“He is saving the world whether we like it or not.”
Director: Peter Berg
Cast: Will Smith, Charlize Theron, Jason Bateman
Synopsis: Hancock is a superhero whose ill considered behavior regularly causes damage in the millions. He changes when one person he saves helps him improve his public image.
There are plenty of drawbacks to being a superhero, judging by the state of the title character in Peter Berg’s dark comedy. Hancock (Will Smith – Hitch, After Earth) is a grizzled alcoholic with anger management issues and non-existent public relations skills. But his gruff demeanour hides a desire for some human contact that doesn’t involve groupies looking for the superhuman lay of their lives, or angry onlookers berating him for the expensive trails of destruction arising from his well-intentioned attempts to save lives. So the demoralised superhero allows himself to be talked into permitting PR guru Ray Embrey (Jason Bateman – Smokin’ Aces, This is Where I Leave You), a grateful beneficiary of one of Hancock’s cack-handed rescue attempts, to have a crack at transforming his public image, even though Ray’s wife, Mary (Charlize Theron – Snow White and the Huntsman, Mad Max: Fury Road), has clearly taken an instant dislike to him.
Over the last decade or so, it’s become something of a fad for superhero movies to assume a dark perspective on the world in which their protagonists reside, but Hancock must be one of the first to focus on the pressures and burdens associated with superhero status. High speed flight through the skies brings with it the very real risk of colliding with flocks of birds or airplanes, and landings have to be timed with a precision Hancock can’t be bothered to muster in order to avoid ploughing up 100 feet of tarmac. Even shaving has to be carried out using his own fingernails as presumably no blade on earth can penetrate his super-whiskers. Although it’s sold as a comedy, Hancock is filmed like a drama, with a lot of extreme close-ups, and any humour in a situation exists thanks only to a subdued Smith’s unusually reserved delivery. Ironically, it’s probably his close association in the minds of the public with upbeat, positive characters that makes him such a good choice for the part of Hancock. For example, few other actors could play straight the scene in which Hancock launches a defenceless kid into the sky without resorting to comedy to soften the menace inherent in such an act (even if the kid is an obnoxious brat who deserves everything he gets).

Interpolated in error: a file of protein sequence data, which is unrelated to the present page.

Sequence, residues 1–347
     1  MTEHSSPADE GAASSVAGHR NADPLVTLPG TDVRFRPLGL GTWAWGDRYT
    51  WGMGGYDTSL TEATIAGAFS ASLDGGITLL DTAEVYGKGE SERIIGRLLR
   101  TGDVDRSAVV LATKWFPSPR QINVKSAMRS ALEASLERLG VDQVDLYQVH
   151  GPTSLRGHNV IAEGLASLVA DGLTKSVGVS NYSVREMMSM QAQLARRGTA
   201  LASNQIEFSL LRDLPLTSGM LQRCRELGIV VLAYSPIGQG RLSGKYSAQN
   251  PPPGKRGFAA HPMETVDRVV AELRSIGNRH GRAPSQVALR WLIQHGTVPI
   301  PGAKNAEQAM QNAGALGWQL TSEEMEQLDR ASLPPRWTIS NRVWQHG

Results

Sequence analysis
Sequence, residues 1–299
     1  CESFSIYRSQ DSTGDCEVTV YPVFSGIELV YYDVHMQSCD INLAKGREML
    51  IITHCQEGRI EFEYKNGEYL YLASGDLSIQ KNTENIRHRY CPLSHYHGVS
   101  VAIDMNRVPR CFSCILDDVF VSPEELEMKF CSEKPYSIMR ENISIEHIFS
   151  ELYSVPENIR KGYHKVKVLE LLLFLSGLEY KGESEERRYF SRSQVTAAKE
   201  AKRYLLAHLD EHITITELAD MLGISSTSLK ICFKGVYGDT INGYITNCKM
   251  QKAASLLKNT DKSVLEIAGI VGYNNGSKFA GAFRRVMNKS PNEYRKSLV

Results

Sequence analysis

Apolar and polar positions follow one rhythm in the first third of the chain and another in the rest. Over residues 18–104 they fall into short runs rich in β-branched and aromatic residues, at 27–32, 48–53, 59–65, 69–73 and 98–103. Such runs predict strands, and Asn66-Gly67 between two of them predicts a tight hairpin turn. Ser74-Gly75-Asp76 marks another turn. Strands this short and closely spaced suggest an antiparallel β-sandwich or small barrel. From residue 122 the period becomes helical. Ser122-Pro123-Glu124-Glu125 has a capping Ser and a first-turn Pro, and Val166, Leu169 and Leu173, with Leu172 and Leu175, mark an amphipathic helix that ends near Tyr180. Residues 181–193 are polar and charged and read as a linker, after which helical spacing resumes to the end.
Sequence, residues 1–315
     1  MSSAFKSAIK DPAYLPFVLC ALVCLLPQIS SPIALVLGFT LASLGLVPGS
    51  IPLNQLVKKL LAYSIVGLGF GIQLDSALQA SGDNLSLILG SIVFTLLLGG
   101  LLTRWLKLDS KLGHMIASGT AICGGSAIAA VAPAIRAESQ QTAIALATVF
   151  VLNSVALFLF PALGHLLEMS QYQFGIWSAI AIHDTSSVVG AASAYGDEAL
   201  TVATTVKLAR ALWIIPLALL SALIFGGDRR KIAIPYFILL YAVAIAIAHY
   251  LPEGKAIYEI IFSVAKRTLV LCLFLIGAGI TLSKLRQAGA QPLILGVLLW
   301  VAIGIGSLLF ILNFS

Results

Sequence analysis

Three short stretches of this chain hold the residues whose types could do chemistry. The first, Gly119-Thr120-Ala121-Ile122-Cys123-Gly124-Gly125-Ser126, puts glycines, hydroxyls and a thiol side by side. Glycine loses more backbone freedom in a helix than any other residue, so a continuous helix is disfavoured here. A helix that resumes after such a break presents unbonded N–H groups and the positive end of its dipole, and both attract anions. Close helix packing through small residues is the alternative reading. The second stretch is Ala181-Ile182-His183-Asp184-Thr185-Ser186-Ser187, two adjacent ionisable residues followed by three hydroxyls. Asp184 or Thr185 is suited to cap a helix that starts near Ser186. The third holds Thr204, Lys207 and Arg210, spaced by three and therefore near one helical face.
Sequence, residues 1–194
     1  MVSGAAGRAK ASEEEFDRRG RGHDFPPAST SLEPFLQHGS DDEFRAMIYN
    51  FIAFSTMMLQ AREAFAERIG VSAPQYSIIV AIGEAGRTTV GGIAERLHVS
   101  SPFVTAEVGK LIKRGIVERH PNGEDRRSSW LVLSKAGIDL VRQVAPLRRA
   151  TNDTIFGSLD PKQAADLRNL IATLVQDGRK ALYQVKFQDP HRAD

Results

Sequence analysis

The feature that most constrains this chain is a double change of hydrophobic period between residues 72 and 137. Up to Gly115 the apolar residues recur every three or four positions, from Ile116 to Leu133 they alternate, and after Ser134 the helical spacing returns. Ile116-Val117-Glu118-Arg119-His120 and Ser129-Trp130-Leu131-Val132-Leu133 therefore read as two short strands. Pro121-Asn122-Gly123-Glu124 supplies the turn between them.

Plot-wise, Hancock’s a bit of a dud, despite an effective mid-movie twist that comes out of nowhere. But it’s this twist that takes the plot off in a new, fairly absurd, direction linked to Greek mythology, and which leads to some lukewarm conflict that fails to generate much interest. This twist also catapults the plot into the realms of fantasy, and far from the semi-realistic milieu in which it had previously resided. That might sound like an odd statement to make about a superhero movie but, until the twist, Hancock had managed to sidestep the superhero cliches to which it eventually succumbs in its final act. Despite this, Hancock is worth catching, not only for its fresh perspective on a cliched genre, but for Will Smith’s impressive turn as its troubled hero.
(Reviewed 7th February 2016)
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